I have heard it said that no one ever reads the same book twice. Even if you read a book for a second or a third time, where you are in life or your current life experiences enable you to see aspects of the book which you did not see before. I do believe this is true. The Bible is not any different. Hebrews 4:12 (ESV) says, “The word of God is living and active, sharper than any two-edged sword piercing to the division of soul and of spirit, of joints and of marrow, and discerning the thoughts and intentions of the heart.”
For example, when I read through the Bible many moons ago when I taught a Biblically based weight loss class, I highlighted verses such as Psalms 81:10 (ESV) which says, “I am the Lord your God, who brought you up out of the land of Egypt. Open your mouth wide, and I will fill it.” When I was in the throes of raising children, I highlighted verses such as Proverbs 13:24 (ESV) which says, “Whoever spares the rod hates his son, but he who loves him is diligent to discipline him.”
So, it is not surprising that this year, while reading my chronological Bible, that I have been hit more scripturally with things which are going on in my immediate family life. As many of you know, my cousin, Ben, was in a serious car crash which has left him fighting to regain his strength back in his mind and in his body.
During the days of intercessory prayer for Ben, I found myself reading story after story in my chronological Bible of Jesus healing the sick. The benefit of reading the Bible in chronological order is sometimes, with the gospels, you get to read the same story four times in a row. The phrase which struck me more than any other were the words of Jesus who said over and over again, “Your faith has made you well.”
It struck me hard this time. Jesus could have said (and does a few times), “Glorify God for what He has done,” or He could have even said, “Glorify Me for what I have done.” However, time after time after time, he singles out the person’s faith as the reason for their healing.
To the centurion who asked to have his servant healed, Jesus said, “Go; let it be done for you as you have believed.” Matthew 8:13, ESV
To the woman who had a flow of blood for 12 years, Jesus said, “…Take heart, daughter, your faith has made you well.” Matthew 9:22, ESV
To the two blind men who He restored their sight, he said, “According to your faith be it done to you.” Matthew 9:29, ESV
To the father who asks Jesus if he can help his son who was possessed by a demon, Jesus said, “’If you can!’ All things are possible for one who believes.” Mark 8:23, ESV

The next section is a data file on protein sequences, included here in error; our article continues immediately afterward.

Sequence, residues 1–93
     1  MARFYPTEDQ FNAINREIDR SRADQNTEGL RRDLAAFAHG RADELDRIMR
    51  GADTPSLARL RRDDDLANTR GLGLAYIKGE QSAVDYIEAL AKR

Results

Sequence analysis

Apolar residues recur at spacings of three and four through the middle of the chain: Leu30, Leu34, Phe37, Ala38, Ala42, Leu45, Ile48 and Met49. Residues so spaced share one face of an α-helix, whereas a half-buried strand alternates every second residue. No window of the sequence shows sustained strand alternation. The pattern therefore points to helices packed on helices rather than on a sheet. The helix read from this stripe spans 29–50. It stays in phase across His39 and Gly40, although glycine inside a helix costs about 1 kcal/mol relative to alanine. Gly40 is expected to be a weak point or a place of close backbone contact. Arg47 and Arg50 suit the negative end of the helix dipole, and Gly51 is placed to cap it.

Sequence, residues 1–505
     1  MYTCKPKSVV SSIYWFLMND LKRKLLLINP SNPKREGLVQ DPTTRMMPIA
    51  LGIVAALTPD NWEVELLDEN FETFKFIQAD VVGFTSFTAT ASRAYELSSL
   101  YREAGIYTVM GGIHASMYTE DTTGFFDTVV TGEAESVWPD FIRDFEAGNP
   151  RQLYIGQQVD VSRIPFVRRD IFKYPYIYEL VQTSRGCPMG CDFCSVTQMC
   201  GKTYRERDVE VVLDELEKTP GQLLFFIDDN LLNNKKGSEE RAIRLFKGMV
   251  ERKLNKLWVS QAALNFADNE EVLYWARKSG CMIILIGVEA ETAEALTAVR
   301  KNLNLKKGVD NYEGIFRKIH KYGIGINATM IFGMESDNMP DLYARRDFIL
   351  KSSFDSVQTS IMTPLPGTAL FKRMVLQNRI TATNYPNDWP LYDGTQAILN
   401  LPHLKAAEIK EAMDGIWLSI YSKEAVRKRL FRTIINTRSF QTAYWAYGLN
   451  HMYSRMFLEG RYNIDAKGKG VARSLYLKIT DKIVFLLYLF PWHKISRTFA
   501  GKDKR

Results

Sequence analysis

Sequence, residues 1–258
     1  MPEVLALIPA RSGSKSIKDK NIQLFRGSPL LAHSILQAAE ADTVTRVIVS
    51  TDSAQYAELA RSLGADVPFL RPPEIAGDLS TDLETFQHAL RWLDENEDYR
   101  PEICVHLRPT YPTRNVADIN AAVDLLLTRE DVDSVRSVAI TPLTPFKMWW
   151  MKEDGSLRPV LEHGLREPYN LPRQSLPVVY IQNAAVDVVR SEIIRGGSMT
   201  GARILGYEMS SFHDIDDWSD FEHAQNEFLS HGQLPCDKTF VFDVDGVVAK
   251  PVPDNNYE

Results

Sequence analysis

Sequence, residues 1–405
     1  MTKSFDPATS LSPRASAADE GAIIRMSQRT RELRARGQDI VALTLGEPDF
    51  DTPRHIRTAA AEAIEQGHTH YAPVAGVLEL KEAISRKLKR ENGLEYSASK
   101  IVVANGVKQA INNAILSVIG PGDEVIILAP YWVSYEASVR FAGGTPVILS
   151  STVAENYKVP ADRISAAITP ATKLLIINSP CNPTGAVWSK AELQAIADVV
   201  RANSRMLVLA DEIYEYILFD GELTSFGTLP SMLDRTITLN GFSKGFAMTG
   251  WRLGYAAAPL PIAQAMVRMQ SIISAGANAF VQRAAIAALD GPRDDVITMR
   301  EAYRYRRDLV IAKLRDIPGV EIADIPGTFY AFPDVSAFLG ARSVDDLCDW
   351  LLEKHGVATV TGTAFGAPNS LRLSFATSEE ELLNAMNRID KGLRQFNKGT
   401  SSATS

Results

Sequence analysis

To the blind man, Bartimaeus, he said, “Go your way; your faith has made you well.” Mark 10:52, ESV
My head was reeling, and I have to say still is. I don’t really know how to explain the level of my new understanding. I read it in a different way than I ever have before due to the current life experience going on in my family. I guess I always believed that God would only heal if it was His will, and I still believe that to be true. However, the implication according to scripture is that the level of their faith of what Jesus could do was the determining factor of whether or not they received the healing.
Please hear me when I say that Jesus still did the healing. John 15:5 (ESV) says, “…apart from me you can do nothing.” God created the world and all of its fullness and didn’t need any help from me! Even still, I feel he revealed a richness to my understanding of my faith and the part it plays in prayer.
I liken it to Peter (who is my favorite disciple) walking on the water. Jesus was walking on the water. Peter asked to be able to walk on the water too. Peter got out of the boat and began to walk to his Lord on the water, but he became afraid and began to sink. Jesus said in Matthew 14:31, (ESV), “…O you of little faith, why did you doubt?” Jesus allowed Peter to participate in a great miracle and would have continued to perform the miracle, but only if Peter’s faith had not wavered.
I began to wonder how many opportunities or experiences or miracles had I potentially missed out on that God wanted to perform in my life, because I did not have enough faith to cause it to happen. Wow! I can’t even really wrap my brain around the concept.
In the meantime, I am going to pray with faith in the mighty power of my Lord Jesus Christ to heal my cousin, Ben. I will continue to pray without doubting as in James 1:6-8 (below). I desire to be like the parable of the persistent widow in Luke 18 who goes before an unrighteous judge who did not love God or man. He doesn’t want to do what she asks, but eventually gives her what she wants due to the fact she would not leave him alone. Luke 18:1 (ESV) says, “And he (Jesus) told them a parable to the effect that they ought always to pray and not lose heart.” Also, like the parable of the neighbor who comes and asks his friend for bread in the middle of the night, because he has unexpected company in Luke 11. The friend first refused to get up in the middle of the night, but eventually does because the neighbor is persistent.
Persistence, faith, and prayer sound like a good plan to me. I would love for all of you to pray for Ben as well as for the immediate family and friends who are most closely involved in this situation. Pray for restoration for his brain, healing from surgeries, strength in his left side, and good rest for his body at night. Pray for rest, strength, and peace for the family. I don’t understand it all, but I am going to be bugging God a lot about this one. I would love it if you join me in praying too. I thank you in advance for your prayers.
“Let him ask in faith, with no doubting, for the one who doubts is like a wave of the sea that is driven and tossed by the wind. For that person must not suppose that he will receive anything from the Lord; he is a double-minded man, unstable in all his ways.” James 1:6-8, ESV